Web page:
Get Information About Programs
Gather information. How do you find out what universities have graduate programs in your field? Once available only in printed form (that is, back in the old days before the Internet was commonplace),Peterson's Planner is a searchable directory of graduate programs in all fields. Enter your search criteria and you'll get a list of programs, which info about each program. Use this as starting point. Don't rely on only one source. Supplement this information with Internet searches. Also talk to classmates and faculty to get leads on graduate programs that might be right for you.
Once you have located prospective graduate programs, gather as much information as you can. Scan the website. Request catalogs and applications from schools that you may be interested in. Why rely on old fashioned printed materials? Much, perhaps all of the information you need is available on the Internet; but sometimes graduate programs include more information - or different information - on their brochure than on their website. Request brochures, catalogs, and other printed materials.
Determine Admissions Requirements
What exactly do programs require for admission? Compare programs. What do each require? GRE? Subject GRE? You may find that some programs have more challenging requirements and others less so. Does the program list the average GRE score of entering students? Try to ascertain the minimum requirements. Does the department require any specific course work? Out-of-class experiences? Remember that your list of minimum requirements is just that: the bare minimum that might get an applicant through the door. The bare minimum, however, likely will not get you accepted. Instead, consider the minimum as a threshold. If you want a shot at gaining admittance to a graduate program, plan on exceeding the minimum requirements substantially.
Select Programs to Which to Apply
Analyze the information that you have gathered. The first step in selecting programs is to consider each program's goals and faculty: How well do they match your interests and needs? Other considerations in choosing graduate programs to which to apply include funding, the program's reputation, and your own gut feeling about whether it's a good match for you.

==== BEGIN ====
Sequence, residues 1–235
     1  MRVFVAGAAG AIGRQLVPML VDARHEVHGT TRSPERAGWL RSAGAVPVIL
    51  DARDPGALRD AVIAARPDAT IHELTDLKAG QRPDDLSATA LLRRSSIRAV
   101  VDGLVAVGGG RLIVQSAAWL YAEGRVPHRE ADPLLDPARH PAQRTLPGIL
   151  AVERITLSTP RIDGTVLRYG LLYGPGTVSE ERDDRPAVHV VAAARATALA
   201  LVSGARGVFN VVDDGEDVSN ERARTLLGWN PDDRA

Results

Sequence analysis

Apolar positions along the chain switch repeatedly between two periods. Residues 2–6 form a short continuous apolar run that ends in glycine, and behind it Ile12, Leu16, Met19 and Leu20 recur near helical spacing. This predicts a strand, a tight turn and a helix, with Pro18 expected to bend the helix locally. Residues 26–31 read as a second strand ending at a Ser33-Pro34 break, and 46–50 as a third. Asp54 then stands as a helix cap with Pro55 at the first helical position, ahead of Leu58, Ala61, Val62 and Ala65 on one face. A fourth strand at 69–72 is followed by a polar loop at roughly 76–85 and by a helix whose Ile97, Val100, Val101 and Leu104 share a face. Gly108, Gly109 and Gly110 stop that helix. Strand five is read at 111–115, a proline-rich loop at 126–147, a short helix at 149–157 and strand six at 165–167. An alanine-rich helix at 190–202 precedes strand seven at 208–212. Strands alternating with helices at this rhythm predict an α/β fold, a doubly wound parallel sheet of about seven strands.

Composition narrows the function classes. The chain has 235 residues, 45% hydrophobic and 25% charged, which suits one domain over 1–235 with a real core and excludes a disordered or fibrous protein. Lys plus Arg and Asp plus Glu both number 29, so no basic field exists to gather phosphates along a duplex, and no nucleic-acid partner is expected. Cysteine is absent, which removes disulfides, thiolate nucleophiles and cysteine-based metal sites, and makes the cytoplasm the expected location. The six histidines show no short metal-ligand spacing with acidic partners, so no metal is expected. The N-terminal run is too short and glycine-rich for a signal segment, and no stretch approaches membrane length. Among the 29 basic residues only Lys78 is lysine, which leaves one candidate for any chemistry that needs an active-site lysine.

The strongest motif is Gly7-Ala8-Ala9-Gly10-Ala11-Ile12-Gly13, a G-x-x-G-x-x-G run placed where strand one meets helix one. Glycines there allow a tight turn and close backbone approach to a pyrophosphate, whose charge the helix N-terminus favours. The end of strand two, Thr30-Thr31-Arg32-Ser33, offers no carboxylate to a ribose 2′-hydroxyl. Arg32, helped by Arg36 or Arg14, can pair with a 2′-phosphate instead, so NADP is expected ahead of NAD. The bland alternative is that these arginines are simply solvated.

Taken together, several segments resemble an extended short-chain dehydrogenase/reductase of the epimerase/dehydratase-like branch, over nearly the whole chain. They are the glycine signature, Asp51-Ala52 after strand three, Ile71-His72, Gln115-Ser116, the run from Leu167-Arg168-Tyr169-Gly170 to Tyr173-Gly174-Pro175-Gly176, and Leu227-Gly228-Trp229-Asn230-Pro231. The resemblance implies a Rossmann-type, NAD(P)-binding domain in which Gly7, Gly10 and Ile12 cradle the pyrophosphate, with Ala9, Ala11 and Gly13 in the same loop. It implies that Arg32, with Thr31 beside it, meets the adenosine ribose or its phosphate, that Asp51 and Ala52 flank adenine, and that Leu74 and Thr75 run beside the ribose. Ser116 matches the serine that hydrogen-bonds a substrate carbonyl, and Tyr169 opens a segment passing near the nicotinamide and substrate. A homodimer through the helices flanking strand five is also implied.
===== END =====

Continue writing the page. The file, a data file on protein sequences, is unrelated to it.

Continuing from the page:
Discuss Your Career Goals
Take advantage of the knowledge and experience around you. Meet with faculty and career counselors to discuss programs and your plans. Ask faculty about their experiences as students. How did they know they wanted to go to graduate school? Did they think they'd be a professor? What would they do differently? What do their grad school friends do? Are they all professors? What other options exist?
Establish Relationships with Faculty
Discussing your career goals is one way to establish contact with faculty. Remember that all of your contacts with faculty matter in influencing their impression of you: your demeanor in class, whether you say hello outside of class, and your overall attitude matters. Seek to make contact in substantial and content-rich ways. Talk with faculty after class. Visit office hours. Seek research experiences with faculty. When you need help, ask for it in appropriate ways.
Take Coursework to Strengthen Your Application
Take extra elective courses that may aid your application. For example, in psychology, extra math, science, and statistics courses are good bets.
Prepare for Standardized Tests
Determine which standardized tests to take. Take a methodical approach to preparing. Take a practice test to determine your strengths and weaknesses. Try to take the test in conditions similar to the testing environment. Construct a plan for studying material that you're weak on and for learning how to take the test. Consider taking a test prep course.
Take Standardized Tests
Plan to take any required standardized tests by the end of your Junior year. Take them early so that you can retake them if needed. However, do not take a standardized test for practice, that is, without having prepared beforehand. In most cases graduate schools see all of your test scores, even if the lowest aren't counted.
Getting into graduate school requires more than grades. It requires Experience. Get involved in your field. Assist professor with a project or do some volunteer work. Do anything that shows that you have some experience in your field. Volunteer, educational, paid - it doesn't matter what, just get experience.
Check Your Transcript
Even universities make mistakes. Check your transcript for errors to avoid grief later on.